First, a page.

It didn't take long for Cambridge, MA-based Agios Pharmaceuticals to win a rep in the drug development field. Launched in 2008 with $33 million from a trio of venture groups with a well-known taste for start-ups, Agios recruited Genentech's senior cancer drug development exec as the new CEO in 2009 and followed up with a hefty $130 million-upfront deal with Celgene to partner on its new approach to killing tumors. This morning Celgene followed up by opting for an early extension of their promising development deal, adding $20 million to Agios' haul from that single deal as Celgene adds a fourth year to their collaboration.
Agios started out focused on three key pathways involved in cancer metabolism. The essential idea is that new treatments that interfere with the enzymes involved in the metabolic pathways could cripple the key drivers of the disease. And while the biotech started on the cancer front, Agios believes the technology can also work on inflammatory, neurological and autoimmune conditions as well.
The deal extension with Celgene comes just a little more than a year since the two companies joined hands. Dr. Thomas Daniel, Celgene's president of research, told Reuters that Celgene is pursuing several enzyme targets, with a particular interest in IDH1. "IDH1 is an enzyme that's important in metabolizing glucose, and mutant forms generate an unusual metabolic side product which accumulates in very high levels in cancer patients," Daniel told the wire service.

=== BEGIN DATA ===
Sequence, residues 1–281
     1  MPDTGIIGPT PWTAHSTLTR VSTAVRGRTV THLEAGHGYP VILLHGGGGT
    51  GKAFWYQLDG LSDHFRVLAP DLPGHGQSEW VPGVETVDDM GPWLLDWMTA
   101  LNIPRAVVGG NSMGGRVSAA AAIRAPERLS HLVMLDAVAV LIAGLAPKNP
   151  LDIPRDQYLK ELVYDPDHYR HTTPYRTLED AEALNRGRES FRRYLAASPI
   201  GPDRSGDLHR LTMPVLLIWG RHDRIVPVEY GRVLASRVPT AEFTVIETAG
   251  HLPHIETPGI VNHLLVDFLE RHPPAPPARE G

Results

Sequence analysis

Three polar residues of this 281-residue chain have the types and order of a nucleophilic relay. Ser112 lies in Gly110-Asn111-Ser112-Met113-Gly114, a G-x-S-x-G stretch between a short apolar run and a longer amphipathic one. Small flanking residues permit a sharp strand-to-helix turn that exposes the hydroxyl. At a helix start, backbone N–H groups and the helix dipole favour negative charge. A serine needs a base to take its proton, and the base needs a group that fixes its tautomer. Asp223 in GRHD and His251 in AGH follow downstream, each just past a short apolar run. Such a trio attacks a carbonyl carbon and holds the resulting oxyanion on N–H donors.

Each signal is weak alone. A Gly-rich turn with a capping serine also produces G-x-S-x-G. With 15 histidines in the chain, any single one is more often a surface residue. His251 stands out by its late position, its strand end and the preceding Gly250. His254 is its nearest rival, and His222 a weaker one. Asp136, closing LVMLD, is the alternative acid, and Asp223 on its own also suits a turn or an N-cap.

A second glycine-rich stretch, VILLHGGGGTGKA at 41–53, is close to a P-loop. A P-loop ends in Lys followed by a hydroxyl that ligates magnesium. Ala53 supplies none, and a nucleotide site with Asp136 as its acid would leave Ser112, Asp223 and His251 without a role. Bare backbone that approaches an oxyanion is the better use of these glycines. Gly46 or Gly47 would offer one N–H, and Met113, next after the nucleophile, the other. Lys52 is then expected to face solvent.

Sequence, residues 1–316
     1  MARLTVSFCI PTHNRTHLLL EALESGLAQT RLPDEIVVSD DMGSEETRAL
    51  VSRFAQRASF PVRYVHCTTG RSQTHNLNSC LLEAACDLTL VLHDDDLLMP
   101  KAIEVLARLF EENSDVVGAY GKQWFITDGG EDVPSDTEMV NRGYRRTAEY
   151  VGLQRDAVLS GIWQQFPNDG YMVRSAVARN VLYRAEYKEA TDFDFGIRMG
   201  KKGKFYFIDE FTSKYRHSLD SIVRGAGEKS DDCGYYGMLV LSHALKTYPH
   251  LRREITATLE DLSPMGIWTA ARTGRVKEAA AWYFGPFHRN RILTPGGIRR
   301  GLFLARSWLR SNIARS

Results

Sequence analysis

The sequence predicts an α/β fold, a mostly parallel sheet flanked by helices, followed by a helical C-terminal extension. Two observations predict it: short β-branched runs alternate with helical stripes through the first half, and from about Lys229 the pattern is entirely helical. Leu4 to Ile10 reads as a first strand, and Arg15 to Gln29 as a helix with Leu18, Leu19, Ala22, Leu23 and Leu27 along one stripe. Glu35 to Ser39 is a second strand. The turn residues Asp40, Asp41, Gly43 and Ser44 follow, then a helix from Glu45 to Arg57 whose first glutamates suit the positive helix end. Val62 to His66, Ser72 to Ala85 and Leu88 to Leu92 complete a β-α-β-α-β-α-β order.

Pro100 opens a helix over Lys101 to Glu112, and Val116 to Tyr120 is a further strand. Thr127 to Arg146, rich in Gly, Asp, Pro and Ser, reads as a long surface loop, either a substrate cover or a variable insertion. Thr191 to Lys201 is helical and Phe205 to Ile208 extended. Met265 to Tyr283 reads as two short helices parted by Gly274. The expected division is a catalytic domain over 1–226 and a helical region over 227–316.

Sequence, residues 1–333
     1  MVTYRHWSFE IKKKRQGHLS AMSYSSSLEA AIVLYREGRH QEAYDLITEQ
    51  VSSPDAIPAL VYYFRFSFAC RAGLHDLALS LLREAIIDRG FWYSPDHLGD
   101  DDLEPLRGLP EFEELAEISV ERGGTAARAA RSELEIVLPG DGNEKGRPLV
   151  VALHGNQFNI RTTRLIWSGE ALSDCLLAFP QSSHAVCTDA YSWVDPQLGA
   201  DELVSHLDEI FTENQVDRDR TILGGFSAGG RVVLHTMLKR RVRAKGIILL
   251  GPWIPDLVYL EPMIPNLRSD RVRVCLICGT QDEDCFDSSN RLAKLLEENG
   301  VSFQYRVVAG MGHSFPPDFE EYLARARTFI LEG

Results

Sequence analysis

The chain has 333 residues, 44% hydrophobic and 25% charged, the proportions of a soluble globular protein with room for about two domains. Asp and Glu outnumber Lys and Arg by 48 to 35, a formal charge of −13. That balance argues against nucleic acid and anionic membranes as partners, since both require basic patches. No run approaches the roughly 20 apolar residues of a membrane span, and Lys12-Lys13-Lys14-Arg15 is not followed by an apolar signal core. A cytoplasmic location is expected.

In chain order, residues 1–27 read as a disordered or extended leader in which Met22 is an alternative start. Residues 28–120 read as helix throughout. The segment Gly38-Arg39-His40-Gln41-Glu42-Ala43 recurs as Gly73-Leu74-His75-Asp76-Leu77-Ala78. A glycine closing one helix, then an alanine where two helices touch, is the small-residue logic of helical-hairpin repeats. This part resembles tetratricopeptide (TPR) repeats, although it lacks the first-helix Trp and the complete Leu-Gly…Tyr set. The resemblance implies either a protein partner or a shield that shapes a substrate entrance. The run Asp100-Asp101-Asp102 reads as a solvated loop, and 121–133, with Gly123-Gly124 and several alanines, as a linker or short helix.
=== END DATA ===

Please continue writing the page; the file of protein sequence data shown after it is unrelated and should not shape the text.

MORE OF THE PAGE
"They knew I think from the beginning that this was likely to be a longer term relationship," Agios CEO David Schenkein tells FierceBiotech. Tacking an extension on their deal now helps demonstrate that Celgene is comfortable with the relationship, he adds. It also helps underscore Celgene's commitment to their approach on cancer metabolism. Schenkein added that Agios has built up a staff of 65, relatively large compared to many other fledgling biotechs at this stage of the game.
"We're going after a new area of biology," says the CEO. "And we're going after it hard." And while there's no specific timeline for moving from the preclinical stage into the clinic, Schenkein says that Agios plans to have "multiple first-in-class molecules" in the clinic over the next 24 months.
A key focus for the research team is finding biomarkers that can be used to identify the specific patient populations which stand to benefit from these new treatments. And the biotech is pushing beyond cancer to explore how altering metabolism can work for other diseases, which will help position it for future partnerships.
Flagship Ventures and Arch Venture Partners launched Agios, with Third Rock joining later on the Series A. Third Rock's Kevin Starr acted as interim CEO until Schenkein was recruited from Genentech.
- see the Agios release
- here's the Reuters story